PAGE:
Most engineering organizations document poorly. We have great software ecosystems, but most don't get past first draft. Maybe it's difficult to see business value, but it's there- more than whats obvious. The simplest use cases for documentation is educating users, and therefore reducing support requests. We'll call that "marketing". If you want individual developers to use your product, you need great docs.
Good, searchable documentation allows engineers to on-board themselves. You can imagine several ways to get information- from the highly searchable QA format of StackOverflow to the lecture-format of YouTube- and the best APIs litter the internet with docs. A video might not be easy to produce, but markdown style documentation- both references and tutorials- and forum style question-response can be a) very accessible, b) cheap to produce, and c) extraordinary useful to reduce mistakes and trainings.
Embedded and hardware engineering has the most severe documentation requirements since they have diverse supply lines and esoteric components. Engineers with massive working knowledge of specific systems find themselves with job security being the living reference for a system. Using accounting terms, systems knowledge is part of "Workforce In-Place" or "Assembled Workforce", an intangible asset describing a trained workforce. You often see its value when a company is "acquihired". Although there are many specific sources of this value, it includes working systems knowledge. Proper documentation represents a transfer of the "Workforce In-Place" (WiP) asset to "Intellectual Property" (IP), which is easier to maintain as it doesn't degrade (skill loss and turnover). In general, IP is more easily measured and transferred than WiP.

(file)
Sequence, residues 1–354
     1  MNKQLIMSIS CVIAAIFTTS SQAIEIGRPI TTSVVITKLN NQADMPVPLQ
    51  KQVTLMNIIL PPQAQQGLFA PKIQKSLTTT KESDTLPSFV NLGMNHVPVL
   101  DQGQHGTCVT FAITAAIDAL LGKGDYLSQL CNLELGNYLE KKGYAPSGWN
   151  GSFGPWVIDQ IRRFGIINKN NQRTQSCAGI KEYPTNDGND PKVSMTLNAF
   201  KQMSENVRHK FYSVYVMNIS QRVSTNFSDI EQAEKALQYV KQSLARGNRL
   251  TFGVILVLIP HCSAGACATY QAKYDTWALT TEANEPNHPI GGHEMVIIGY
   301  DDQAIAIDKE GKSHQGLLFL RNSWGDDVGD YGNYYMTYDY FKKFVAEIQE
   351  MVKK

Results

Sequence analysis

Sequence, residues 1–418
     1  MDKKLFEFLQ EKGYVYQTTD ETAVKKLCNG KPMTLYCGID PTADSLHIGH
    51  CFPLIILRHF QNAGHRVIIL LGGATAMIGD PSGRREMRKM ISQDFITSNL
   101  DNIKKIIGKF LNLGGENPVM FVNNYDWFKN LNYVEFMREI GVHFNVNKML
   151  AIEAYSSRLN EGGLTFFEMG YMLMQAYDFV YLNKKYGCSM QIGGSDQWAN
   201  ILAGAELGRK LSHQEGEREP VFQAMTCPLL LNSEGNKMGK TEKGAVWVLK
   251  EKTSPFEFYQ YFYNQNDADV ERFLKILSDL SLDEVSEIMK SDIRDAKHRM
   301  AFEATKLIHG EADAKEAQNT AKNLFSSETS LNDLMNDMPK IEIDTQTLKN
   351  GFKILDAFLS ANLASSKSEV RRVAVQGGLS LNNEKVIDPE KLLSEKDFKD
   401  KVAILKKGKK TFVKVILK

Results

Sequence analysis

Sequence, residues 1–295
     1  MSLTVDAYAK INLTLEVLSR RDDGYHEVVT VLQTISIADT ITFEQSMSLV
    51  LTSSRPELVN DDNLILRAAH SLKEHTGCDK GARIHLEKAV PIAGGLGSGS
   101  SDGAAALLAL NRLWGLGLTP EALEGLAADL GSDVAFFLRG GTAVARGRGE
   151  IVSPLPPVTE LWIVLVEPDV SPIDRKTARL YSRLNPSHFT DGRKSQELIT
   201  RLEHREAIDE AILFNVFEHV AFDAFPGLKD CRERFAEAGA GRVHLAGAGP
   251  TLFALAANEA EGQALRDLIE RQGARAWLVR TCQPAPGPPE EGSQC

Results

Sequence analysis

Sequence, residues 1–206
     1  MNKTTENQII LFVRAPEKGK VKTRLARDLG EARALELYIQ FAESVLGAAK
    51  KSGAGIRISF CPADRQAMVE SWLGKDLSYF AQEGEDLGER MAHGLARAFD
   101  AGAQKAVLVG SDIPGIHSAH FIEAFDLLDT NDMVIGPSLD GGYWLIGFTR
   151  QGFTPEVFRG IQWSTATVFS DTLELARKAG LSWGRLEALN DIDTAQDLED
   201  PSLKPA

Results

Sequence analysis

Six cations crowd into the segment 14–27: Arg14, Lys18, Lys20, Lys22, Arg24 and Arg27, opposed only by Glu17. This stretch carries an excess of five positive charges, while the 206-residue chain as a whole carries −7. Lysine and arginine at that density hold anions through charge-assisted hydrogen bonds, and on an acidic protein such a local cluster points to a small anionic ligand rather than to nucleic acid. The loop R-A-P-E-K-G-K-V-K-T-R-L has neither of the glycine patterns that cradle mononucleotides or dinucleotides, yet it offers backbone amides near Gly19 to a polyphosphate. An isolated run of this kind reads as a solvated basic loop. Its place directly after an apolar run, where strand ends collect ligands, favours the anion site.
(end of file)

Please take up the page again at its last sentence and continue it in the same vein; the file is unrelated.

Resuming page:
Proper documentation also represents encoding of policy. It is simply a way to keep processes organized and consistent. This is an extremely intuitive benefit of documentation, and like the section above, codifies the manager's experience. This is important as a large system may become fragmented and untenable when it's being contributed to by a rotating workforce. Different architectures, different patterns, different approaches all mean more more hacking and bodging when things aren't constructed cohesively.
You must dogfood documentation. Your engineers can read and make modifications to documentation. When you have a large working knowledge of a system, it's easy to correct technical issues, but its difficult to understand what is good and bad teaching (without feedback) because you've lost the perspective of a beginner. The best user to decide how to make things easier for beginners is the beginner themselves, so you must dogfood the documentation and encourage those engineers to submit changes. A fragmented undocumented system is compounding technical debt, and it can be deadly.
The impact of consumer facing documentation is so obvious it barely made this article accept the list wouldn't be complete without it. Two strong benefits are a) marketing: educating your consumer on how to use your product so that they can integrate with it and b) preventing support costs.
That's it for now. I love writing about why we should write more! The other title for this post was "Documentation for Documenting". If you made it down here, ping me on twitter and let me know what you thought! All feedback, even the harshest, is appreciated.